Impressions: The sheer size of this star-studded cast is impressive. The humor is wicked and delicious. Because of the comedy element, the horror of it is buffered. What’s funniest is how each person sees – or doesn’t see – the menace of these monstrous ET. Jack Nicholson as the POTUS is the perfect choice, as is Glenn Close as the first lady. Hero Richie (Haas) and his granny (Sydney) are priceless in their ordinary hero roles and in the bonded relationship they share with each other. “Mars Attacks!” is hilarious and full of very clever dialogue and whimsical special effects. It’s ambitious as well because they are also able to manage to include touching family connections like Richie and his granny, Byron (Brown) who works in Las Vegas trying to get home to his family of Louise (Grier) and their two sons, and the budding romance between scientist, Professor Kessler (Brosnan) and newscaster, Nathalie (Parker.)
Etc.: There is a wealth of trivia available at imdb.
Awards: 3 wins and 19 nominations
Starred Up (2013)
Starring: Jack O’Connell, Ben Mendelsohn, Gilly Gilchrist, Frederick Schmidt, Edna Caskey, Darren Hart, Raphael Sowole, Duncan Airlie James, Anthony Welsh, David Ajala, Jerome Bailey, Basil Abdul-Latif, Matt Faris, Aisha Bywaters, and many more.
Director: David Mackenzie
Genres: prison, drama
Synopsis: Intense film set in an Irish prison where a father and son find themselves in the same cell block. The son hates his father because he was placed in foster care by the system as a kid which messed him all up. The dad, who is a real piece of ultra-violent work, tries his best to keep his son safe. The prison staff are mostly desensitized brutes who almost seem to enjoy brutalizing the prisoners. The one person on staff that seems to care, a mental health professional who runs a group for the most violent prisoners — and gets results! — is scoffed at by the rest of the staff for “coddling” them. It’s an excellent film for showing how effed up prisons are and what “the system” that is supposed to help protect kids and rehabilitate adults actively does to harm them. There are no happy endings in this story. Powerful to watch with a first-class combo of actors at the helm, O’Connell and Mendelsohn.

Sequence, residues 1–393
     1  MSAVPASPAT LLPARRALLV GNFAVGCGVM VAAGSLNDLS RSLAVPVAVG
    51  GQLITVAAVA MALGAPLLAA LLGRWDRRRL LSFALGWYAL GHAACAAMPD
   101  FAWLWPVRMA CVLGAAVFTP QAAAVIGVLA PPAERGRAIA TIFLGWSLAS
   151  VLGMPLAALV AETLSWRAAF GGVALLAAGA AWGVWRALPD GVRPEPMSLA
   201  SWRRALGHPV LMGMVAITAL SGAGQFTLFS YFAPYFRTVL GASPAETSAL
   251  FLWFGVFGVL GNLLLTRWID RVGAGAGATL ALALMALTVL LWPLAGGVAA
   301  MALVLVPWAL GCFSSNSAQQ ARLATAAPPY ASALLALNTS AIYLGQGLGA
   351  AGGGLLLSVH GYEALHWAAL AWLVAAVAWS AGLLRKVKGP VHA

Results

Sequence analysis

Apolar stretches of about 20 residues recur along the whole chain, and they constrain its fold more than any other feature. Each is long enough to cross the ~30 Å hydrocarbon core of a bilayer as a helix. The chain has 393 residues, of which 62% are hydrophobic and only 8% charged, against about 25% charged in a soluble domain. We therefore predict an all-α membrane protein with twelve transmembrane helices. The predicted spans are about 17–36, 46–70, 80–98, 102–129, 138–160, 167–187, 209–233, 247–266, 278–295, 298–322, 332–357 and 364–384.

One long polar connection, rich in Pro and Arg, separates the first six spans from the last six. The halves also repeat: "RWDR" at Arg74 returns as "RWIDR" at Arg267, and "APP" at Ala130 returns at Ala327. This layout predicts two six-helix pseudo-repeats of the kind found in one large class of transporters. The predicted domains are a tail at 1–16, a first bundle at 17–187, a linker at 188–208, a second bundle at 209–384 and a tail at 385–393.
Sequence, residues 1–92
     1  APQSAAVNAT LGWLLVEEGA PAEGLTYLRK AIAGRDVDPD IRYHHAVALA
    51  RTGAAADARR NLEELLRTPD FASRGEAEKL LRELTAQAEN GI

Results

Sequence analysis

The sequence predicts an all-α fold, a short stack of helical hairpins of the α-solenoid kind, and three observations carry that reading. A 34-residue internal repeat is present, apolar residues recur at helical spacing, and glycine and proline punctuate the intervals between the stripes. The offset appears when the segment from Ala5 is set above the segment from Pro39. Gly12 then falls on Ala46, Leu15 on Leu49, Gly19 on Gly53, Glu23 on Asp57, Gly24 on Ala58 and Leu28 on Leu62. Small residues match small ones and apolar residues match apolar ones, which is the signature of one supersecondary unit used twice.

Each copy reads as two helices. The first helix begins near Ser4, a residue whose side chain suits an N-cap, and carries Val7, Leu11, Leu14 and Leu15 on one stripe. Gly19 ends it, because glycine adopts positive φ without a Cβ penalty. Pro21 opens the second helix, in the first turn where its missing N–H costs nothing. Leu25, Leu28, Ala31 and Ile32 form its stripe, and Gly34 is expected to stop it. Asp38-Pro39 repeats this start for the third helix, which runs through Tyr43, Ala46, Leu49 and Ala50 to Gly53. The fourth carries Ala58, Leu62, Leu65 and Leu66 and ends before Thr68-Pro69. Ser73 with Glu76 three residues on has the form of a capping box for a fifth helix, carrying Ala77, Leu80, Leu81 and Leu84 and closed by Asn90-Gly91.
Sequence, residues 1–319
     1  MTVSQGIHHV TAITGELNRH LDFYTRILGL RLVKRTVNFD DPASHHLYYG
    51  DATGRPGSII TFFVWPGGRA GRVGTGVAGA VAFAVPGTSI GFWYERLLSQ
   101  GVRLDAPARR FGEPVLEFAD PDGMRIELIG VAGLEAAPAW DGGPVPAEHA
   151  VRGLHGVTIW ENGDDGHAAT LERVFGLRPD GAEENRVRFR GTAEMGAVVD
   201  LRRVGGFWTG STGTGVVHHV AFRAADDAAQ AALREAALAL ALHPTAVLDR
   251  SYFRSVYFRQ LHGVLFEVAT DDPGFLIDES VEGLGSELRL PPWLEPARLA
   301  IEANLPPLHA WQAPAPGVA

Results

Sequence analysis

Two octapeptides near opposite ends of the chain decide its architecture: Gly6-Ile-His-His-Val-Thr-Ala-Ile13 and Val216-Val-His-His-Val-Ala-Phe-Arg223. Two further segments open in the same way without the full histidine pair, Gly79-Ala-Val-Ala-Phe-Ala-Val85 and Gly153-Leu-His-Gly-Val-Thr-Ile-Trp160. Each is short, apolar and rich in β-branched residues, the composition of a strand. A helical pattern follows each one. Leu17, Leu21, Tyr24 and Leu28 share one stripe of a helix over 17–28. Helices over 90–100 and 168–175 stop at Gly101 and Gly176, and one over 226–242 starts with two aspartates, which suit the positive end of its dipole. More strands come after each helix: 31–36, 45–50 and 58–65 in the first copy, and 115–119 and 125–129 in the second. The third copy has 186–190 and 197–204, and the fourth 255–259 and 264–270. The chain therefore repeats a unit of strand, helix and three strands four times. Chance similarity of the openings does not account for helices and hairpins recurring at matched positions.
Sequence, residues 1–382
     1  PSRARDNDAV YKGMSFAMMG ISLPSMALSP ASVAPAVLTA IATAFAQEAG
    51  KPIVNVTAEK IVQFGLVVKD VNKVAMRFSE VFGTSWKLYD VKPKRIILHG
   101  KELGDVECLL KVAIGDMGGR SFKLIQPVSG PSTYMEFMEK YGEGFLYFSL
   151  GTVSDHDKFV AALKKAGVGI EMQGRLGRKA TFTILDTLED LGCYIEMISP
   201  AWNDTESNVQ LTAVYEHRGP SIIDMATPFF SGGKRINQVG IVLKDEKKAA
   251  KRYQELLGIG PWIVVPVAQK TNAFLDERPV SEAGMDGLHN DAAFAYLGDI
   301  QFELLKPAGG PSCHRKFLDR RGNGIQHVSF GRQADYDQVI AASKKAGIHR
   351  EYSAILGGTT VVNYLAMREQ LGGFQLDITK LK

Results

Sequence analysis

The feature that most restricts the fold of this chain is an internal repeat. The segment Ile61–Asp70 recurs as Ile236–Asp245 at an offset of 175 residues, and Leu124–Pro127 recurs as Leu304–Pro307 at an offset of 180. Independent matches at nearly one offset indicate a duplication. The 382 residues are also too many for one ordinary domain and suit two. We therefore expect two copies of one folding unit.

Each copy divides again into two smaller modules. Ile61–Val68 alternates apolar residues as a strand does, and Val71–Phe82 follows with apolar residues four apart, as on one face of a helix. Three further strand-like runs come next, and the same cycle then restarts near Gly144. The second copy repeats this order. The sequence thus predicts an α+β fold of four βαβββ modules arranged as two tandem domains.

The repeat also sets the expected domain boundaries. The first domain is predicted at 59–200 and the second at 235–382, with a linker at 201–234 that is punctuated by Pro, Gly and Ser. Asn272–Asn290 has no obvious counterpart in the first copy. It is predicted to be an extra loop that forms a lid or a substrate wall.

Impressions: Thank you to Gia at The Movie My Life for recommending this movie to me. Having never been to an Irish prison, I can only guess that this is an accurate depiction of the horrible conditions and treatment in one. There is an admirable recognizing that those who end up incarcerated have origin stories that can help explain how they ended up there. I appreciate them trying to show how little resources are given to prisons for actual therapy and/or rehabilitation for those who desperately need it.
Etc.: filmed in Northern Ireland; warning: scenes of extreme violence may trigger some people.
Awards: 17 wins and 22 nominations